What does this actually mean? What does it mean “it will be in the service of the EXPO, but has nothing to do with it”?

Last year, a special law called the Law on Special Procedures for the Implementation of the EXPO International Specialized Exhibition EXPO BELGRADE 2027 was passed. Article 14 of this law stipulates that companies formed for the purpose of hosting the EXPO will not have to adhere to the relevant public procurement law


Economist Milan R. Kovačević says that it is possible that “everything will be done without carrying out public procurement” and that the situation is catastrophic. “The president talked about renovating the maternity hospital and schools and building new roads, but none of that would be financed from the aforementioned 17 billion,” Kovačević added.

He thinks that everything was done this way so that nobody would even consider doing public procurement, which opens more room for corruption. “Unfortunately, we see that in our country is that corruption takes a huge part of the gross domestic product. The more broadly we apply this special law, then you are given free rein to reward whomever you want and punish whomever you want. You have created the opportunity for arbitrary decision-making,” he says.

Director of the FEFA Institute and professor at the FEFA Faculty, Goran Radosavljević, says that EXPO would be used as “a money laundering machine” and that there is no good reason that Serbia, as one of the poorest countries in Europe, hosts and finances such an exhibition. Secondly, Radosavljević wonders why this project is shrouded in the veil of mystery and hidden from the public eye and why a special law has been passed which creates the opportunity for state money to enter illegal flows. This, he says, has been the case so far with projects like Belgrade Waterfront, the construction of public infrastructure and others.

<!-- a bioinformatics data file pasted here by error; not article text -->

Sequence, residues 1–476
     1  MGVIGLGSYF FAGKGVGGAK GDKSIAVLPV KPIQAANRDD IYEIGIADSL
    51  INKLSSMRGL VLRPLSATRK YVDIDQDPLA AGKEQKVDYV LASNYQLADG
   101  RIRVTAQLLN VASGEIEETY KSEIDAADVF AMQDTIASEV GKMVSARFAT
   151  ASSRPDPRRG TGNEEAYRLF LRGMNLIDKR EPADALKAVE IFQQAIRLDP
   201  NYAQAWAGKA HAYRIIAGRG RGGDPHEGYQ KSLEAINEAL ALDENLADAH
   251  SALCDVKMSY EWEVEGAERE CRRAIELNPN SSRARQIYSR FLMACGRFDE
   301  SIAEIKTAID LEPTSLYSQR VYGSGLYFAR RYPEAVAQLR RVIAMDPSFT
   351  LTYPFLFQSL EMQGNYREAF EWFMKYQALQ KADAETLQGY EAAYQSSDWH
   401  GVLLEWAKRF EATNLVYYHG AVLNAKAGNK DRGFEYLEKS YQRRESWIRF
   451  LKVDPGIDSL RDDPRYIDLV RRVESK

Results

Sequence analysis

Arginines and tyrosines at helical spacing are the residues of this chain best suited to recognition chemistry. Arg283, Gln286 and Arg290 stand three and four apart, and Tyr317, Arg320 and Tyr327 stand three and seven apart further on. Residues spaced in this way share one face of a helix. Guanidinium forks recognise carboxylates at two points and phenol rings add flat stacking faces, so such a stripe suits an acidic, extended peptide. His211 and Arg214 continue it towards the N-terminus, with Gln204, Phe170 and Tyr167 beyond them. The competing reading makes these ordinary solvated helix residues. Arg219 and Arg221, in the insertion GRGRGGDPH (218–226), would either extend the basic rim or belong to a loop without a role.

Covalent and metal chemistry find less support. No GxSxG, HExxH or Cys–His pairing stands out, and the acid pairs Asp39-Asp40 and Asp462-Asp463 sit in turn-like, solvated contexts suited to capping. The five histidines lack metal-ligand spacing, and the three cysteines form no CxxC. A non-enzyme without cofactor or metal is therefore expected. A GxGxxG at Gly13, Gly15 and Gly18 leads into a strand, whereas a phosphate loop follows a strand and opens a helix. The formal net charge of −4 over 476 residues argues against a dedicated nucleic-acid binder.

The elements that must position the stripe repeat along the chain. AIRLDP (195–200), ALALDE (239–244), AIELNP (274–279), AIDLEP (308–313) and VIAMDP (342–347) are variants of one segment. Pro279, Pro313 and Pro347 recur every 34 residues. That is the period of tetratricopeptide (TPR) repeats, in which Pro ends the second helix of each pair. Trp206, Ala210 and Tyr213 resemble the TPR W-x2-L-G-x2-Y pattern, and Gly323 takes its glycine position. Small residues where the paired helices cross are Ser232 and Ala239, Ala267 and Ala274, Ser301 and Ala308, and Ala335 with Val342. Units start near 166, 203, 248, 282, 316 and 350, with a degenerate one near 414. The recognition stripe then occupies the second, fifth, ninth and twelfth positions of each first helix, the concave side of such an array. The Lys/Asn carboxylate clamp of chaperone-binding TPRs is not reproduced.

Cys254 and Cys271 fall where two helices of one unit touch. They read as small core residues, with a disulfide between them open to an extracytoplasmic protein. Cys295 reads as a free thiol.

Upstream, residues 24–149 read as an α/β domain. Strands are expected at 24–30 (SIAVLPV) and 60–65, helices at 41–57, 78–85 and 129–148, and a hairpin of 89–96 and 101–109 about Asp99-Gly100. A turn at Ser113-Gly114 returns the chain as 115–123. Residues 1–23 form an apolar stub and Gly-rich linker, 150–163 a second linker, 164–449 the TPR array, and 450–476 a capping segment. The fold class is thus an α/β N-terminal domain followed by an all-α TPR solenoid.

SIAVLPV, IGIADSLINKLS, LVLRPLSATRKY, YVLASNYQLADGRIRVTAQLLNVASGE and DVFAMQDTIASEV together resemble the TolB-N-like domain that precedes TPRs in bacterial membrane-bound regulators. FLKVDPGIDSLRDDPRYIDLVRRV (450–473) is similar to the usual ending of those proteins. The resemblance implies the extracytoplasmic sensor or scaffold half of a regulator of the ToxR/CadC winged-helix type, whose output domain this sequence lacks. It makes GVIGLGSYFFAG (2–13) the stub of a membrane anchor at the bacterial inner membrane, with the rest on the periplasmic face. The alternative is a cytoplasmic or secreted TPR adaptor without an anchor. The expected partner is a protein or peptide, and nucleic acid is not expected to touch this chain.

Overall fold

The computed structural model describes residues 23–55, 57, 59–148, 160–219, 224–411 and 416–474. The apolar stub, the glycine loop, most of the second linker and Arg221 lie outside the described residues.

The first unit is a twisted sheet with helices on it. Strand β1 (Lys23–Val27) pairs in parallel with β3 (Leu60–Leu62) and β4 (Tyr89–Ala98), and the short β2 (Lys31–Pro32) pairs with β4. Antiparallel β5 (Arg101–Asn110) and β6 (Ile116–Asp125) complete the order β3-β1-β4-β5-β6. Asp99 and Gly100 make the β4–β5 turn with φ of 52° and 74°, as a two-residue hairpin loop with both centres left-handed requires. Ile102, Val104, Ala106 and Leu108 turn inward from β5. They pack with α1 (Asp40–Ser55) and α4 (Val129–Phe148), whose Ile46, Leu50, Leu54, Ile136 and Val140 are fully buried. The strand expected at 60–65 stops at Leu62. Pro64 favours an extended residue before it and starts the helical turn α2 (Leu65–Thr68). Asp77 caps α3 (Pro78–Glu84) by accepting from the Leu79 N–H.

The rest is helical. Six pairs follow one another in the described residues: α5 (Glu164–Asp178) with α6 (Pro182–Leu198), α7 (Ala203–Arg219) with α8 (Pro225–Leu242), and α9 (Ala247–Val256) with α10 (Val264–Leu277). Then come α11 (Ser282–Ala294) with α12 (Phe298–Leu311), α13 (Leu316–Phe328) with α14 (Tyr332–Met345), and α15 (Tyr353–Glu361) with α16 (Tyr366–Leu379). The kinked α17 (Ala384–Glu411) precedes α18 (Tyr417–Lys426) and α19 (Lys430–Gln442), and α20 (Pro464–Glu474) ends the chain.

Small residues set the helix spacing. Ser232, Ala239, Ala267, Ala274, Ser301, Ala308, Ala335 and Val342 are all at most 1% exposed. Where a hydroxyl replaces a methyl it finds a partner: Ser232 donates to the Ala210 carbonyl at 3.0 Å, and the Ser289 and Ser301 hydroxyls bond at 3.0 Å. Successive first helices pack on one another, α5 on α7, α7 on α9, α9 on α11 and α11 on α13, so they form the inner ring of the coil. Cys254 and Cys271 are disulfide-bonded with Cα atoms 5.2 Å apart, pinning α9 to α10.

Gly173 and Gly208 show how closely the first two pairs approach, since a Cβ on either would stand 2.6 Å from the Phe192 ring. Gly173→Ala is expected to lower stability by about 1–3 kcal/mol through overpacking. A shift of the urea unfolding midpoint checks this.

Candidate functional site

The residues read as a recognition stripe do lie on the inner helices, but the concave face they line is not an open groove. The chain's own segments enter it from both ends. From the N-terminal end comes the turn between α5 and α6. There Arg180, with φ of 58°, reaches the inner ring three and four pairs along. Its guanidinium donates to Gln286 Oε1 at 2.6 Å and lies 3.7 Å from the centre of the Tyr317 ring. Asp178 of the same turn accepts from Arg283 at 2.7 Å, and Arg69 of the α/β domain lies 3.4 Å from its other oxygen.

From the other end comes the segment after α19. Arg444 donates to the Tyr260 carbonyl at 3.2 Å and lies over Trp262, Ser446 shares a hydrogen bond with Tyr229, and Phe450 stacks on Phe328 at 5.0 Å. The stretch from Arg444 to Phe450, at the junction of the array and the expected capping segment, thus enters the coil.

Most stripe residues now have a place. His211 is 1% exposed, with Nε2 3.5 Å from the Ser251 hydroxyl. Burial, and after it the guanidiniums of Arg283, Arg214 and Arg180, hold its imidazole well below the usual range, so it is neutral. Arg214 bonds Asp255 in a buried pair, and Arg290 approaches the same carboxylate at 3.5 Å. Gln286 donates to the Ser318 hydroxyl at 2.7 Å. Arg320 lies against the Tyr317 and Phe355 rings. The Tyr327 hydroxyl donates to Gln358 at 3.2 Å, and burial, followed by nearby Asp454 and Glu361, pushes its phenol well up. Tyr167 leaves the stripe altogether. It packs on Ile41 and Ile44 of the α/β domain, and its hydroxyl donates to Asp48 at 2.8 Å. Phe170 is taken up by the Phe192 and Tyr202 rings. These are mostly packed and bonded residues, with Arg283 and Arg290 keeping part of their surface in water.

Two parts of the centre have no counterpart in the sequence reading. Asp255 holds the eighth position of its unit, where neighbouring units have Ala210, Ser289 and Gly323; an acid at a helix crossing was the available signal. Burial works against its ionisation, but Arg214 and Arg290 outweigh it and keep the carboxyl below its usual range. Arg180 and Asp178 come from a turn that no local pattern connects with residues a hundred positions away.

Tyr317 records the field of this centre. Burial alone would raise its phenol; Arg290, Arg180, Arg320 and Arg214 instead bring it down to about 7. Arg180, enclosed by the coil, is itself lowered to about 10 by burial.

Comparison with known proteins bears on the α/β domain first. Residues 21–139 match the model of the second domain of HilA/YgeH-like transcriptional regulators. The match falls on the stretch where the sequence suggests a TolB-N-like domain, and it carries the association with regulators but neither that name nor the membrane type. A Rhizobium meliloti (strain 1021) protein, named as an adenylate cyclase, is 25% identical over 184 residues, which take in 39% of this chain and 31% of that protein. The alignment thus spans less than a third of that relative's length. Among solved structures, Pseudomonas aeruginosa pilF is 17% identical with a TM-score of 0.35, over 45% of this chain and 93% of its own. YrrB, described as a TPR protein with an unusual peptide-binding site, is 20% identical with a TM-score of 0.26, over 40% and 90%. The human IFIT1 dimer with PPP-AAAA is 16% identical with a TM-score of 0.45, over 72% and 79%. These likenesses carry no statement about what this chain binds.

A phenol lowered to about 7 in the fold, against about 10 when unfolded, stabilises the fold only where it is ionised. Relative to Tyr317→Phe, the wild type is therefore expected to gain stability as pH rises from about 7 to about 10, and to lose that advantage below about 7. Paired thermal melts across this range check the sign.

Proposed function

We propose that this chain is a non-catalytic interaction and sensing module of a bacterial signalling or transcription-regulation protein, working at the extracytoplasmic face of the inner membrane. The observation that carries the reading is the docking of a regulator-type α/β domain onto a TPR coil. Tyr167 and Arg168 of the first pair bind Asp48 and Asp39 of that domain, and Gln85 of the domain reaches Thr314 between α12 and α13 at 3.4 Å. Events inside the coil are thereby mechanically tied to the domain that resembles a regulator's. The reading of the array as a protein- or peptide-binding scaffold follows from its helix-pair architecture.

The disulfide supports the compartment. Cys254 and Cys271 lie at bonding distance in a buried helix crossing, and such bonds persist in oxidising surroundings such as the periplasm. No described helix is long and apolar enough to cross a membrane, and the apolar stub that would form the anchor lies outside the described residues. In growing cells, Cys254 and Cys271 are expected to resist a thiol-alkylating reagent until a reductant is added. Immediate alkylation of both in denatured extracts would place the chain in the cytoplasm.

“From time to time, a whistleblower comes out and says: ‘We paid twice as much for the Šabac motorway than we should have,’ and nothing happens,” says Radosavljević. He adds that this government likes nice and pompous announcements, along the lines “we are the biggest, the best, we are alpha and omega, and we will spend 18 billion”.

“The state will probably spend 18 billion euros in the next few years, but not on EXPO”, explains Radosavljević.


What can be done with this amount of money? Radosavljević says that annual public investments for the entire country amount to 7 billion euros.

“These are incredibly large funds. It would be futile to talk about what we could build with that kind of money because everything that Serbia produces in one year amounts to 60 billion. In short, a lot could be built in Serbia with 17 billion, in order to advance the country”, says Radosavljević. This amount, he explains, is quite “inflated”, because nobody knows how much everything will cost in the end.

Bearing in mind that healthcare and education are in a very bad state, Radosavljević believes that money should be spent on those sectors. “We have already spent huge amounts of money on the wrong projects”, he concludes.

(Vreme, 08.03.2024)

This post is also available in: Italiano